Welcome to the “the church of baseball.” It’s a place where Annie Savoy teaches young rookies the ways of love and the ways of baseball. But her system is about to be thrown a wrench when “Crash” Davis joins the Durham Bulls.
With a book by screenwriter Ron Shelton and music and lyrics by Susan Werner, Bull Durham is directed by Kip Fagan. Based on the hit movie, the musical weaves a tale of Annie Savoy, “Crash” Davis and Ebby Calvin “Nuke” Laloosh and the love triangle that unfolds off the baseball field.
Giving the character a down-home attitude, Melissa Errico is charming at times, but overall, she never hits her stride. Vocally, she is strong. When she sings the moving “Little Time to Myself,” she is at her best. She has big shoes to fill with the movie ingrained in our collective consciousness. There’s gravitas that the character needs, and Errico doesn’t deliver it consistently through the show. Based on the character’s reputation, you would expect her to be a little more free spirited and passionate instead of having the tight-laced and cynical persona that Errico displays.
Will Swenson captivates as “Crash” Davis. Not only does he bring a sense of experience and wisdom, but he also creates a fresh character that transcends the movie role. His powerful voice soars above the rest of the cast, and he truly is the stand-out star of the show. Providing a worthy foe, John Behlmann’s Nuke is cocky yet likeable because of the boy-next-door qualities he gives the character, but his attempts to be goofy are not believable and seem contrived.
Shelton’s book keeps the familiar love triangle from the movie with humorous dialogue and interesting characters. Just as on the baseball diamond or in the locker room, the language can be a bit crass for some traditional musical theatergoers, but it won’t detract from the overall experience.
There’s even a nod to hometown audiences in a scene mentioning Greg Maddux (who never played with the Bulls) as one of Annie “students”. Baseball fans will forgive the literary license since the scene is very humorous. Having Nuke appear in a Braves uniform may seem just like a nod to Atlanta, but actually it isn’t since the Bulls were the A-ball affiliate of the team in the 1980s.
The only problem with the book is that the minor characters of Jimmy (Jake Boyd), a player turned manager in training, and Millie (Lora Lee Gayer), the owner’s daughter, overshadow the leads. It creeps up in the first act with the outstanding duet “A Heaven for You,” and it takes center stage during the second act in “Everyone Woman Deserves to Wear White.” Their story takes the focus off the main storyline due to these two numbers being a couple of the show’s best.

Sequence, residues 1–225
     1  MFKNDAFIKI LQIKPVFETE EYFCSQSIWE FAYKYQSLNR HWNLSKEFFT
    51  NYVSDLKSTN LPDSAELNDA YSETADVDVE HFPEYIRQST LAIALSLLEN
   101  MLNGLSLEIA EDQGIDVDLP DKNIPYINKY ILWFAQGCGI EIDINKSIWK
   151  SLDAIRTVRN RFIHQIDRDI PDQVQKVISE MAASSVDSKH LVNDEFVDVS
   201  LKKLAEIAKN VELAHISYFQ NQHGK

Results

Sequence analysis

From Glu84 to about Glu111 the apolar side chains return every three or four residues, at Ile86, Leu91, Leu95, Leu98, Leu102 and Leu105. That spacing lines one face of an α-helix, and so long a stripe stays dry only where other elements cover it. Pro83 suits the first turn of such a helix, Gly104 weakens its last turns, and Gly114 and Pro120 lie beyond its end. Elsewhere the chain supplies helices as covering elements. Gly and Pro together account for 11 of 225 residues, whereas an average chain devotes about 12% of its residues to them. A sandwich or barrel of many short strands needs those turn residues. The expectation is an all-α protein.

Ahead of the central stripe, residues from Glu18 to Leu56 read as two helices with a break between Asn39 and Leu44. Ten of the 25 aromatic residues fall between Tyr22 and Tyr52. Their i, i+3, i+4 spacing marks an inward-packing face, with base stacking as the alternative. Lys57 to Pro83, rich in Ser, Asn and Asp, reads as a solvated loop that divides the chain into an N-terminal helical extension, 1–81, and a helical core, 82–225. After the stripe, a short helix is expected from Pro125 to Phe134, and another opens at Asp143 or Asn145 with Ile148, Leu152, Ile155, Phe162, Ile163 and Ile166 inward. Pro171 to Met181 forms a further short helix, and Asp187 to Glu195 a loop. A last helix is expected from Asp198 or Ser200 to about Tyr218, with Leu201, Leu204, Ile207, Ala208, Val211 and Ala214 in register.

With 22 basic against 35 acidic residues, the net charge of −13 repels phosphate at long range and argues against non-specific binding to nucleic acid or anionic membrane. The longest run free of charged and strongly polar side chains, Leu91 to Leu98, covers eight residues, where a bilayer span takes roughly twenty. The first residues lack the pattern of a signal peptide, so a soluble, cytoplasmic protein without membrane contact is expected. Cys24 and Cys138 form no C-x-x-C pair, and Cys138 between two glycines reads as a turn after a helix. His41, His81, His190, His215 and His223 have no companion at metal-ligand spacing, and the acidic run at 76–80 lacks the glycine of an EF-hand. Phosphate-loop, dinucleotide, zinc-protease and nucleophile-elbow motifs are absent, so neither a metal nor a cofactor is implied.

Adding to the familiar story, the intricate music by Werner seamlessly blends gospel, pop and blues into a wonderful score. From the opening number, aptly called “Opening Day” to the hook filled “Winning,” the show sounds fresh and inviting. Yet, there is not a clear showstopper. “Winning,” may be the closest thing it has to one. Swenson’s 11 o’clock number “Catcher,” wants to be a powerful showstopper, but it oddly doesn’t resonate with the audience despite his explosive delivery.
The choreography by Joshua Bergasse utilizes the baseball theme well with the fun to watch and visually pleasing movements. Adding to the show is the breezy set design by Derek McLane. The lighting design by Jeff Croiter blends in naturally and gives the stage a nice balance.
While the Braves may be frustrating you with inconsistent playing, this musical provides the escape from the stress of the real world of baseball. Like Rock of Ages, it is a musical that husbands won’t have to grudgingly go along with their wives to the theater. It may be a love story, but, as with the movie, the baseball story is strong enough to draw in the non-musical fans.
Bull Durham runs through October 5, 2014 at Atlanta’s Alliance Theatre. For tickets and more information, please visit the theater’s website. The show’s runtime is around two and half hours with an intermission.
– Kenny Norton